“Informed by her background in architecture and design, Jenny Polak’s sculptures, drawings, and installations reconfigure elements of homes, prisons, and borders to speak to the most urgent issues of our time. We hope that presenting her work at BRIC House will further illuminate how local communities are shaped by and have the power to shape national and global systems.”
Jenny Polak said:
“Homeward Bound invokes an altered domestic reality in which those who live comfortably use their homes to support the efforts of people grappling with hostile authorities and unjust laws. I’m grateful to the BRICLab residency which gave me space to expand my socially-engaged projects with people who seek home having survived imprisonment, and to make pieces of an imagined home decor that are beautiful despite reflecting the unequal conditions of their existence. The works chosen for the Project Room share an urgent understanding of a world in which some people have always had to leave or hide to survive, and others must decide to act in solidarity even if it means they have to break laws.”
Learn more about the exhibition here: https://www.bricartsmedia.org/art-exhibitions/jenny-polak-homeward-bound
Jenny Polak (she/her)
Born in London, England, UK; based in Brooklyn, NY
Jenny Polak has been featured in exhibitions and programs at the Brooklyn Museum, BRIC, Smack Mellon, and Pierogi Gallery, Brooklyn, NY; MoMA PS1 and Socrates Sculpture Park, Queens, NY; Brief Histories, New York, NY; the Newark Museum, NJ; the Tufts University Art Galleries, Medford, MA; Contemporary Arts Museum, Houston, TX; the Hyde Park Art Center and Weinberg/Newton Gallery, Chicago, IL. Polak has also exhibited internationally at the First Floor Gallery, Harare, Zimbabwe; Les Kurbas Centre, Kyiv, Ukraine; Barbican Concourse Gallery, London; Dean Clough, Halifax, UK; and Van Abbemuseum Eindhoven, Holland. She was awarded residencies and fellowships at the Camargo Foundation, BRIC, Villa Albertine, Socrates Sculpture Park, Lower Manhattan Cultural Council, Grand Canyon National Parks, and the Graham Foundation. Polak is currently a resident artist with The Fortune Society under the Creatives Rebuild New York’s Artist Employment Program. Polak attended the Whitney Independent Study Program. She received her BA in Architecture from Cambridge University, her BA in Fine Art and Critical Studies from St. Martins School of Art, and her MFA in Fine Arts from the School of Visual Arts.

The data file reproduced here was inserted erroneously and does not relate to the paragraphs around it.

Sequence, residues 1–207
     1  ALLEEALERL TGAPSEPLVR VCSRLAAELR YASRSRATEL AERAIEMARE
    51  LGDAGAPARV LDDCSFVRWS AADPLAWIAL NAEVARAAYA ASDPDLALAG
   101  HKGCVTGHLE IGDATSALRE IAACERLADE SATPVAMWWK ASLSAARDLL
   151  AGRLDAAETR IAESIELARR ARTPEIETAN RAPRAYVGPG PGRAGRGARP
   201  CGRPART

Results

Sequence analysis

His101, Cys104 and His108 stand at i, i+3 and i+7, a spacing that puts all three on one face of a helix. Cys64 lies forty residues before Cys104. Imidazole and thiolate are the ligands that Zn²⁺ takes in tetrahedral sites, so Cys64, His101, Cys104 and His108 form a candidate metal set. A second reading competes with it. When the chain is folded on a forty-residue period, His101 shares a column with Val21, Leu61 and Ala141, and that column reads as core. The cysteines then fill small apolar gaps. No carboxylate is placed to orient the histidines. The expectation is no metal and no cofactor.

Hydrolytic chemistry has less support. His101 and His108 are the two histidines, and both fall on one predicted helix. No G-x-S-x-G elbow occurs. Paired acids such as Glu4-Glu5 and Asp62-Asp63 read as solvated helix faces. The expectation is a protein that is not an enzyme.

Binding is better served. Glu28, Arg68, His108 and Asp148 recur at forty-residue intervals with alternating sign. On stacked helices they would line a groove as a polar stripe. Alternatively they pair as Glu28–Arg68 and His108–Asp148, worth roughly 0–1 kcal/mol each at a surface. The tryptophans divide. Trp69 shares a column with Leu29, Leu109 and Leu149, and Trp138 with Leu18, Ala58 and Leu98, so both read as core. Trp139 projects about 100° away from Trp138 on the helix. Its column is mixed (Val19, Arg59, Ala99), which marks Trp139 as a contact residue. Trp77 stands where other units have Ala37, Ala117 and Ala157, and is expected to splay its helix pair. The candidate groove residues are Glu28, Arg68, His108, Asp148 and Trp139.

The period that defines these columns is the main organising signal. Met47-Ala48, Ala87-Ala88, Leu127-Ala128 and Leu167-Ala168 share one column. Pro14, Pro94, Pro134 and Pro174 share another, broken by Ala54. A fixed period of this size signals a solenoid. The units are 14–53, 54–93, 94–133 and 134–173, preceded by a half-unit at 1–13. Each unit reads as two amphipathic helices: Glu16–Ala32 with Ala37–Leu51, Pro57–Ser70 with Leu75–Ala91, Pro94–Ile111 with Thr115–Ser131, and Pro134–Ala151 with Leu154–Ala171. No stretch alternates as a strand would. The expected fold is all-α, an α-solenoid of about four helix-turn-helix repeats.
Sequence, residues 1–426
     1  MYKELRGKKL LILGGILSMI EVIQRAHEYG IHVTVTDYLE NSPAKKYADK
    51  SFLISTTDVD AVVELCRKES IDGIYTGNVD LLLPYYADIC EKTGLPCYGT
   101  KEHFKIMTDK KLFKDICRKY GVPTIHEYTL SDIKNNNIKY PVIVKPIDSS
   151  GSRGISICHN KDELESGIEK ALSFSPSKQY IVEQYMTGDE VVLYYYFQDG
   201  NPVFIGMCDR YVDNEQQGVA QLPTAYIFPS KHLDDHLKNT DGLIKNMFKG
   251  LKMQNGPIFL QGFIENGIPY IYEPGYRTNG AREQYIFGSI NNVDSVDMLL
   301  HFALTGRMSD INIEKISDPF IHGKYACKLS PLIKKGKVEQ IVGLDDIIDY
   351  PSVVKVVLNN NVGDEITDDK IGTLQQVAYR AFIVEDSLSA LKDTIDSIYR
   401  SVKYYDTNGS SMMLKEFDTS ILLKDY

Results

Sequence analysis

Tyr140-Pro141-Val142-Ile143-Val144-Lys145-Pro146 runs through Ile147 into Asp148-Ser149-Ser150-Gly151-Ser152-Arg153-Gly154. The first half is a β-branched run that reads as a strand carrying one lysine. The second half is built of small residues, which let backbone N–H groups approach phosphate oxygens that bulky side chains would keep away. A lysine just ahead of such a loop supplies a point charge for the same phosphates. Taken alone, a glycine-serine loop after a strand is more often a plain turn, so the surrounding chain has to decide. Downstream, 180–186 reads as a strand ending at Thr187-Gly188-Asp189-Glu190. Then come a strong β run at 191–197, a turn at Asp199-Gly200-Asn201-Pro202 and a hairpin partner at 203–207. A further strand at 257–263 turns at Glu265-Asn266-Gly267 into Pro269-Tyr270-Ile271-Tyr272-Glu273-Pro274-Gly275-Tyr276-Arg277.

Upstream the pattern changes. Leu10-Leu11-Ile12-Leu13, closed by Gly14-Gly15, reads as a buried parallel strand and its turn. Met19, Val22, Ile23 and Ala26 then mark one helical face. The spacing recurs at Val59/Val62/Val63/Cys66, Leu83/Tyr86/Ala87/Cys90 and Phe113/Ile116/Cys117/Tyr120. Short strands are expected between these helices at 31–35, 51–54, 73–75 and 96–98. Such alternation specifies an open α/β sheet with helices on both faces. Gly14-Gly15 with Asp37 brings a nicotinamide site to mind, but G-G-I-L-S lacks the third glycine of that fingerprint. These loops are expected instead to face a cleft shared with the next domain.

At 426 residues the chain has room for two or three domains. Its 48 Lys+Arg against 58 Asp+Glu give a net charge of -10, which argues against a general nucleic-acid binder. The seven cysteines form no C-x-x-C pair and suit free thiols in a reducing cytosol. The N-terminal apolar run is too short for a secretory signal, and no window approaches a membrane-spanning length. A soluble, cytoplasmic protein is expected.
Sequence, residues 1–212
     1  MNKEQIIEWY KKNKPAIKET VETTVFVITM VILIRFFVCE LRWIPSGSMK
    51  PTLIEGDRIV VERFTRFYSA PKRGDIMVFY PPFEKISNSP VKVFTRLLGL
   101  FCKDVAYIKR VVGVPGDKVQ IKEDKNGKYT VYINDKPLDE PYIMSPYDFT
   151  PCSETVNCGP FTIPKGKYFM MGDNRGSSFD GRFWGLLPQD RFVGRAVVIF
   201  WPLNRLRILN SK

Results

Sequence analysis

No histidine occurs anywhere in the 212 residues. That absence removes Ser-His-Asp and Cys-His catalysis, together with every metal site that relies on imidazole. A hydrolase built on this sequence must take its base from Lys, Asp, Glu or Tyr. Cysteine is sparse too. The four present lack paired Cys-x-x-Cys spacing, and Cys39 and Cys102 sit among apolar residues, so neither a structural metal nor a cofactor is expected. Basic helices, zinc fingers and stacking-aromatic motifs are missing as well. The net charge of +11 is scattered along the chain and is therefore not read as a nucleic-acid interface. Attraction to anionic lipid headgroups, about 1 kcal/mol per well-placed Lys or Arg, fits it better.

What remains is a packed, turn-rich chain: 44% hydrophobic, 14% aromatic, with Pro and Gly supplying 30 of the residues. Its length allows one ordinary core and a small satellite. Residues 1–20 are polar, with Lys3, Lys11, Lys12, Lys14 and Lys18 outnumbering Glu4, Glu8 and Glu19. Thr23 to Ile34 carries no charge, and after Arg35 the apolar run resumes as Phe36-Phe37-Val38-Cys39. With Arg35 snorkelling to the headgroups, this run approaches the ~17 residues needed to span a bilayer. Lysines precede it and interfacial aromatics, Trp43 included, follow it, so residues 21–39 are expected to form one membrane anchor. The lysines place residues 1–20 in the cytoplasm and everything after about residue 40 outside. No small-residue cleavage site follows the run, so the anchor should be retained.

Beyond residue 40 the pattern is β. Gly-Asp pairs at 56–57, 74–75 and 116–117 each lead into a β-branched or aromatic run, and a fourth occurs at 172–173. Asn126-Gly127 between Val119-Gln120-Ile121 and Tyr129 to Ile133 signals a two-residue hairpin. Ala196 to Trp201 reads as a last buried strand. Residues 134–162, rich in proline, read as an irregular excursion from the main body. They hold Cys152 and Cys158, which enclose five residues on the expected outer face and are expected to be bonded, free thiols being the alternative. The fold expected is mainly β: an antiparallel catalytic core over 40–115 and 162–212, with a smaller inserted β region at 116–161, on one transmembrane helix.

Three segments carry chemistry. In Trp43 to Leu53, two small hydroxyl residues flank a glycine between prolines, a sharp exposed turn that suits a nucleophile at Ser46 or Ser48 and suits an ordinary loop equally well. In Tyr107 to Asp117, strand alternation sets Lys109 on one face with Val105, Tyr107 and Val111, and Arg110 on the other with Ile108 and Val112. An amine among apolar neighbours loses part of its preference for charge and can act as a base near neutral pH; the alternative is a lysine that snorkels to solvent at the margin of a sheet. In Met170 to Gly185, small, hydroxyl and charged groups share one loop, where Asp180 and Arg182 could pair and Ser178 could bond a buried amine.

BRIC’s Contemporary Art program benefits from generous private funding from Ford Foundation, Harold and Colene Brown Family Foundation, Robert Lehman Foundation, and TD Ready Commitment. Public support is provided, in part, by the New York State Council on the Arts with the support of the Office of the Governor and the New York State Legislature, and the New York City Department of Cultural Affairs in partnership with the New York City Council.
ABOUT BRIClab: Contemporary Art
BRIClab: Contemporary Art is a year-long residency for professional, local contemporary artists.The residency program offers visual artists space, feedback, and resources to develop and advance their practice. The residency aims to build a stronger and more diverse artistic community in Brooklyn by supporting long term growth and fostering relationships across disciplines. Learn more at bricartsmedia.org/briclab/briclab-contemporary-art
BRIC is a leading arts and media institution anchored in Downtown Brooklyn whose work spans contemporary visual and performing arts, media, and civic action. For over forty years, BRIC has shaped Brooklyn’s cultural and media landscape by presenting and incubating artists, creators, students, and media makers. As a creative catalyst for our community, we ignite learning in people of all ages and centralize diverse voices that take risks and drive culture forward. BRIC is building Brooklyn’s creative future. Learn more at bricartsmedia.org.